XML, what for? (2/2) - exploring XML
XML, what for?
Most database APIs are defined in a particular programming language, so that results are returned in that language's native data types. While Standard Query Language (SQL) is a widely accepted (not quite standard) method for specifying the database "question," there is not yet a language-independent and database-neutral specification for the "response."
Most database vendors work on XML add-ons for their products, so that result sets are returned in XML form, separating rows and columns with corresponding tags. These results can then be turned into display information using XSL or some other transformation method.
Inter-application data exchange
Today many different applications exist in organizations, and most of them do not talk to each other. This way much time and effort is wasted on duplicate data entry and data integrity checking. In addition, the Web has created a world-wide infrastructure for communicating between applications (the Web server and the system behind it) and users (the person sitting behind the Web browser). This communication system can also be used between applications to exchange messages in a secure manner across the Internet. HTTP is the only protocol with decent firewall support, and since messages in XML format are plain text they can be transmitted as they are.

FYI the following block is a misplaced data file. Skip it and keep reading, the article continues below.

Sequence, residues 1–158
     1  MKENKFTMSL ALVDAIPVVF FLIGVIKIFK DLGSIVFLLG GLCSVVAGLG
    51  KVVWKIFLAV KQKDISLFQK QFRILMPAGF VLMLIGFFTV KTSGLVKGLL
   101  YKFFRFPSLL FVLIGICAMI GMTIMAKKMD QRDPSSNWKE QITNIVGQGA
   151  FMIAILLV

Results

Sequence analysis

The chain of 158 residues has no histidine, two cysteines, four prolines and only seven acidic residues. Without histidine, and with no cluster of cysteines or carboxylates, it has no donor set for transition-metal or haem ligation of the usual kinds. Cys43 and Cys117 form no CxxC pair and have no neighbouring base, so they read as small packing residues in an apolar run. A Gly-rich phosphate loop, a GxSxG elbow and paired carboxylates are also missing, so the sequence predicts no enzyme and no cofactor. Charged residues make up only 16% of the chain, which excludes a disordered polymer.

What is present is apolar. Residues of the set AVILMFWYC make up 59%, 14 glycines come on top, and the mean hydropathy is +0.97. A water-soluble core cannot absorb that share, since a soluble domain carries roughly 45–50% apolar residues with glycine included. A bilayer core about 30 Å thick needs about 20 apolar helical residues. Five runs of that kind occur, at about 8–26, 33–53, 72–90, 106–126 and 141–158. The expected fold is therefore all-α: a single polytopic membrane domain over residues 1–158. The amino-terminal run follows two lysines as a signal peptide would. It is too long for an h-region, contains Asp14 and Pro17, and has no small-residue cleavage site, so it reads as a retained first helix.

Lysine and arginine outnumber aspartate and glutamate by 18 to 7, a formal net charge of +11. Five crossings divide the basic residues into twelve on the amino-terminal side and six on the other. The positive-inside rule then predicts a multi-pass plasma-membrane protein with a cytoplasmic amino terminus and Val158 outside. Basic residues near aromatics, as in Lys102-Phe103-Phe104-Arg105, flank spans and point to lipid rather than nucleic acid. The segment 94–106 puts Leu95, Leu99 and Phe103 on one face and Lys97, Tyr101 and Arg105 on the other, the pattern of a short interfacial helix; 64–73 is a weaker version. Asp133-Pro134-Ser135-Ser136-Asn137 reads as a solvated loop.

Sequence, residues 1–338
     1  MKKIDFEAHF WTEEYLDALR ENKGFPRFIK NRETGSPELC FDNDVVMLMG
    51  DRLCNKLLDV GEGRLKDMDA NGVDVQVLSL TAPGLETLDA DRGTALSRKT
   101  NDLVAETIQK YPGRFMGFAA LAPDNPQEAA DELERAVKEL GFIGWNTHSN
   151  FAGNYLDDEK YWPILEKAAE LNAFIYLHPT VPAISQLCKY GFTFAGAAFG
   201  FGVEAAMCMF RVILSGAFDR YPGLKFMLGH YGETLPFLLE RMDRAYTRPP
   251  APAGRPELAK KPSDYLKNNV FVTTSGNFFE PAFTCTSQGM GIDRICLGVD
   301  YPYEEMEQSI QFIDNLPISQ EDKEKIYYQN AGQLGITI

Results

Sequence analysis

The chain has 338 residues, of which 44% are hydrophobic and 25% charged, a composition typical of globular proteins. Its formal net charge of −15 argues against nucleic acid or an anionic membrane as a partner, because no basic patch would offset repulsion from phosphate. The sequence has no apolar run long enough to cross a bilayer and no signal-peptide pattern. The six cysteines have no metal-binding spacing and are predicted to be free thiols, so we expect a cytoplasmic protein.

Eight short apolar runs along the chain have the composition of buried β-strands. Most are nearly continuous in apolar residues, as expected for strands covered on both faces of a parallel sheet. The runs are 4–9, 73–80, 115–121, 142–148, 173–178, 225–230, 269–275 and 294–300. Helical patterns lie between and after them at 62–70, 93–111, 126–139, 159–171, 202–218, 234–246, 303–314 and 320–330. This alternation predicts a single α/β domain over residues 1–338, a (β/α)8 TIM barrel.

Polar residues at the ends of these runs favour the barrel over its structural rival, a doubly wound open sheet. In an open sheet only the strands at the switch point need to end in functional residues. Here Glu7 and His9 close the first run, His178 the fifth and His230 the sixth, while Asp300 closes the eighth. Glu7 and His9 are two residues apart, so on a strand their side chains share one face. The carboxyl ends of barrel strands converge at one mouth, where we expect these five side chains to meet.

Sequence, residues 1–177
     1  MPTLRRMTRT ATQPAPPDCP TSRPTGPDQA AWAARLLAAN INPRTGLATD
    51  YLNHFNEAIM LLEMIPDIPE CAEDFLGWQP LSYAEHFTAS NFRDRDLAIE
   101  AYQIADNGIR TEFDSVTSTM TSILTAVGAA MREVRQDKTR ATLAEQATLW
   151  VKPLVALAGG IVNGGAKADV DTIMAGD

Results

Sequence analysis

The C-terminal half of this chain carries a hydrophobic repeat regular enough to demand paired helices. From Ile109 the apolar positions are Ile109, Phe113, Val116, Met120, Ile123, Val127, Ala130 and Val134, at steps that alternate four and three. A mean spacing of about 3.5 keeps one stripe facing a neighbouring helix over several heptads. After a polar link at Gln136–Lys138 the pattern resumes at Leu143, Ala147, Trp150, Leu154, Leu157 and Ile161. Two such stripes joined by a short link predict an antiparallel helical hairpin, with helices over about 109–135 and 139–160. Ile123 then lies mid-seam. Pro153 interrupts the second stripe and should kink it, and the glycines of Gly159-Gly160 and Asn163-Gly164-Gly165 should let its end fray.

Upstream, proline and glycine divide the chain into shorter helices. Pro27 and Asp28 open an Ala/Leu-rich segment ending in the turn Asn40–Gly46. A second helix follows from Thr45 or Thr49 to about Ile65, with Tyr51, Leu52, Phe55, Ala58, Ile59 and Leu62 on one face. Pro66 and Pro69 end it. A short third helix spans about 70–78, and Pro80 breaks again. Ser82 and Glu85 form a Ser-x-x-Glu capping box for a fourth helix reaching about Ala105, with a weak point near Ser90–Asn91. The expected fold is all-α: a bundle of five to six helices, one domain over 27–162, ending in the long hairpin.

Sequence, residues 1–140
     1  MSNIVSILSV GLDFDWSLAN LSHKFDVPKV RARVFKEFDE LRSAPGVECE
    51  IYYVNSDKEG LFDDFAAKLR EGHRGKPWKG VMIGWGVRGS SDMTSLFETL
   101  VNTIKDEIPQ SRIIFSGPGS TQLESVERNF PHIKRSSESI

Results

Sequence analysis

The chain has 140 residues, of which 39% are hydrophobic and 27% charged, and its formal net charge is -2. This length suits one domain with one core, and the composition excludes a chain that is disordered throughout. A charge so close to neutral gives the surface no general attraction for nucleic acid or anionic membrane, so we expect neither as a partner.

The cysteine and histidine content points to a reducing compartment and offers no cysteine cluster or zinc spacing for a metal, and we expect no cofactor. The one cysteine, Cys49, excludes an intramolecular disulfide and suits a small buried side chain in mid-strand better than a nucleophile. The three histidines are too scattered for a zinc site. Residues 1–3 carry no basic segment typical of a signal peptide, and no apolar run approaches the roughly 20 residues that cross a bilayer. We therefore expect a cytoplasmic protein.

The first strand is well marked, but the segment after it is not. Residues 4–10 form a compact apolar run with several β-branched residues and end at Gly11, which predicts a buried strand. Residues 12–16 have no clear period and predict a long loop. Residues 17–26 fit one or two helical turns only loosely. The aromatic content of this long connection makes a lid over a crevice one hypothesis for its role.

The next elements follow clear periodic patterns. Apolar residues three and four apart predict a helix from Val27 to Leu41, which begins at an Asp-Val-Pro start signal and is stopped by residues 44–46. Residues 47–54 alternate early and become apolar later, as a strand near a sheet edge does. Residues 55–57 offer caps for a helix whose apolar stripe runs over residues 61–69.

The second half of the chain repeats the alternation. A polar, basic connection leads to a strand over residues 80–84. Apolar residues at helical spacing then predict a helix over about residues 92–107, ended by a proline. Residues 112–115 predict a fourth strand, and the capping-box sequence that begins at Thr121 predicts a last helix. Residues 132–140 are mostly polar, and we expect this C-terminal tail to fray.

While text-based formats are less compact than binary representations, the human-readability of those messages make expensive tools for encoding and decoding them obsolete. Published DTDs can be the basis for software development with standard XML tools like parsers, editors, and XSL processors. In the future hopefully all software systems will come with built-in support for XML-based import and export of data.
XML is useful for many tasks outside the direct Web context, in Office documents, searching and indexing applications, databases and data exchange. In combination with the Web technologies we can achieve interoperability across application and organizational boundaries. Let's break down those barriers using XML!
Created: Sep 10, 2000
Revised: Sep 10, 2000